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How to Improve Your Partner’s Health Habits

Grant Woods’ American Gothic portrays an aging farm couple who look a lot alike, despite her bun and his overalls. If you and your spouse also look more alike now than you did as newlyweds, well, shared habits and experiences shape your expressions, wrinkles, and folds, creating similarities that weren’t there when you were younger.

But superficial worry-lines aren’t all that can develop as years go by. Research shows some couples become similarly UN-healthy: If one person in a couple is obese, there’s a 37% chance the other will become obese too. And if your partner or spouse has type 2 diabetes, then you face a 26 percent increased risk of developing diabetes also.

Related: How to Create Healthy Habits Together

But what we noticed about these studies was that many more of you do not become obese or develop diabetes when your partner does. And we’re interested in supporting YOU to become “The Influencer” in your house by making better health fun—even seductive.

  1. Make a walking date: Take a daily stroll for 10 days running (it’ll set the habit). Then get his and hers pedometers; set goals for the next four months, heading for 10,000 steps a day.
  2. Together, start your own cooking show: How about Chopped meets Your Kitchen Makeover?  Here's what to chop -- get rid of foods with added sugar or syrup and trans fats, any grain not 100% whole grain, and red meat. Your kitchen makeover -- a week’s menu featuring ingredients and dishes you’ve never tried before.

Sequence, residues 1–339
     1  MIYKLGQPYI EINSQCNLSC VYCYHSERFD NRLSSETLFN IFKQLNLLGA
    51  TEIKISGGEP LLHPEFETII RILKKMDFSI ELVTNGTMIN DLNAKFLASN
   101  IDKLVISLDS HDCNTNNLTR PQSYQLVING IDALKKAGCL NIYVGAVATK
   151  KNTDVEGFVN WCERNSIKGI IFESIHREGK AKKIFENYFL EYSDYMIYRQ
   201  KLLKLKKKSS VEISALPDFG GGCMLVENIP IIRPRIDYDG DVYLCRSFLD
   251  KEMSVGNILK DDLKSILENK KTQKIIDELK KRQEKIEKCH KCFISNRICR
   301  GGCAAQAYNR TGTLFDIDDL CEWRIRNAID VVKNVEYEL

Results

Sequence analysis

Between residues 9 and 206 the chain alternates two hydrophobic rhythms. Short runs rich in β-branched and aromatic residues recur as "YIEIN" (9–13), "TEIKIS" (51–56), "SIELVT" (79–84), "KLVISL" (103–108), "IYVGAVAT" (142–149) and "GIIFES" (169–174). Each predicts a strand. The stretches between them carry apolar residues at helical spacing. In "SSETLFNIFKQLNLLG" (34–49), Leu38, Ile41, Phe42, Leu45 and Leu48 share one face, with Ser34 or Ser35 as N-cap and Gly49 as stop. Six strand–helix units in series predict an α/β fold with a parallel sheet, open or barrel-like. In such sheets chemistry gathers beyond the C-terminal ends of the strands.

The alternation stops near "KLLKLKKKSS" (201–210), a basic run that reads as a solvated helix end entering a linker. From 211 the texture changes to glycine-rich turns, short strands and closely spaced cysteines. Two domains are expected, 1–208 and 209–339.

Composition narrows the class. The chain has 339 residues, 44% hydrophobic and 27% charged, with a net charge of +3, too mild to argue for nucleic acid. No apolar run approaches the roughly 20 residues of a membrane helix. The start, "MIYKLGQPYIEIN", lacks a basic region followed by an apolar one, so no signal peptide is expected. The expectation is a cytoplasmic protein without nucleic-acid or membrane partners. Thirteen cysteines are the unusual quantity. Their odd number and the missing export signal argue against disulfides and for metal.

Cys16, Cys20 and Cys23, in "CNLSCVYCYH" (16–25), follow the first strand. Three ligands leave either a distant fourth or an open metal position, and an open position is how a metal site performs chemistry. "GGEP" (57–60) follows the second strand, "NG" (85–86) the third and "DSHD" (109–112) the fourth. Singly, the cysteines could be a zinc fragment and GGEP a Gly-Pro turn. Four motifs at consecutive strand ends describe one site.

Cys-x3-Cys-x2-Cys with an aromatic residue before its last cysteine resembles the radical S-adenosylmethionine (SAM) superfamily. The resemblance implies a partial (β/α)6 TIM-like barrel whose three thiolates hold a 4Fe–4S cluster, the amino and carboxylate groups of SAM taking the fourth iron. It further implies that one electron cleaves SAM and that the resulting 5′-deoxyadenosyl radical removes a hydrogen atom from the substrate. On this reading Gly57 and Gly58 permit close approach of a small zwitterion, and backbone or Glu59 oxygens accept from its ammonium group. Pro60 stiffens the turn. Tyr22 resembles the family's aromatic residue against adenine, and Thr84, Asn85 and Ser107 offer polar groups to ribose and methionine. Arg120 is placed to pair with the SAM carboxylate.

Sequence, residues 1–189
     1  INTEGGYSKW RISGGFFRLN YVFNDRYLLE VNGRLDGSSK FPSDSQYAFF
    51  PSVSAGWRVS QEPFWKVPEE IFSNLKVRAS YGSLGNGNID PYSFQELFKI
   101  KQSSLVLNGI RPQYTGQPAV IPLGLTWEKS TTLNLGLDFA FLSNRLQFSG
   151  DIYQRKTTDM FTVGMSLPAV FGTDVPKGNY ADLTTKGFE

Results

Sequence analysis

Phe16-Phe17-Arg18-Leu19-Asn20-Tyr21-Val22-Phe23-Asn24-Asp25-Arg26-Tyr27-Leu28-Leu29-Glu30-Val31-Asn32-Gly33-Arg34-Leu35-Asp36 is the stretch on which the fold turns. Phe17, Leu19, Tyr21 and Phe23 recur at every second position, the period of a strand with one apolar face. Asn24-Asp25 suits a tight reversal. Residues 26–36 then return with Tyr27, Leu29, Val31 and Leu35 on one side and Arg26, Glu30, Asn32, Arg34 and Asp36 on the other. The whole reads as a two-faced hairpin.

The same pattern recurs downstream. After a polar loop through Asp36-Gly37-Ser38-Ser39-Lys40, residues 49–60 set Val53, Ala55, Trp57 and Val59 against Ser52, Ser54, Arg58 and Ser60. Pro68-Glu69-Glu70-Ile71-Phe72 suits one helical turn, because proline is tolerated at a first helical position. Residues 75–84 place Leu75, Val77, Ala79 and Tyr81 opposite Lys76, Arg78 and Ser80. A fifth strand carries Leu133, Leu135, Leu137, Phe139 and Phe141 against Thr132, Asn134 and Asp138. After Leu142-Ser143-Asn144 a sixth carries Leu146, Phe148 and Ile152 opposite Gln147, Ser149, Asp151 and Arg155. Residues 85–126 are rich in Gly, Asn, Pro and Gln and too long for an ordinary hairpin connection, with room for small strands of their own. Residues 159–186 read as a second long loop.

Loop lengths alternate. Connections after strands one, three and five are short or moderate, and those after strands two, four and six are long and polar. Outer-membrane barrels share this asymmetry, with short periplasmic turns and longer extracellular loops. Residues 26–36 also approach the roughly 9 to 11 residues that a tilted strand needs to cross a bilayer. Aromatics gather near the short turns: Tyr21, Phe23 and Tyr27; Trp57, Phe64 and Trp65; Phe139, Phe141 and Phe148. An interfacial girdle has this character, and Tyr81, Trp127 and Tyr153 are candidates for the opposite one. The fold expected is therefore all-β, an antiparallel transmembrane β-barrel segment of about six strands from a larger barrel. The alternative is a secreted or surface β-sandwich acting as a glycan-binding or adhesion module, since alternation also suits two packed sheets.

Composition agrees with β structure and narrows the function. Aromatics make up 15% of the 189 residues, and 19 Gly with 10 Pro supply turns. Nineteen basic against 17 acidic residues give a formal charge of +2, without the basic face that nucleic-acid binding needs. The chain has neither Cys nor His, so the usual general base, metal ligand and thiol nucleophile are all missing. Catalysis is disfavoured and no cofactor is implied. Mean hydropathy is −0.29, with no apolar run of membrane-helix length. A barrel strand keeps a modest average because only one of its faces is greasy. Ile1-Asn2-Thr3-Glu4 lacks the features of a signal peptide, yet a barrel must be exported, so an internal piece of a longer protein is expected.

3. Remember -- share hugs and laughter! Focus on the make-you-younger RealAge benefits of a livelier sexual relationship, and the healthier life you want for both of you!

Relationships and Family

Relationships and Family

Relationships and family are at the center of human life, and they can have a huge influence on your health. Having good friendships and family support eases stress, helps you avoid mental illness, and gives you energy and courage ... for living a healthier life. Relationships start when you give someone else your time and attention. If you find yourself isolated, the best thing to do is reach out through community activities or family connections. Finding ways to help others will make you feel better, and then pay off later when you need support. Good health means caring for yourself, which is infinitely easier to do when other people are also caring for you. If your relationships are in trouble, take steps to resolve the conflict through communication or seeking counseling. The payoff is greater well-being for all involved. More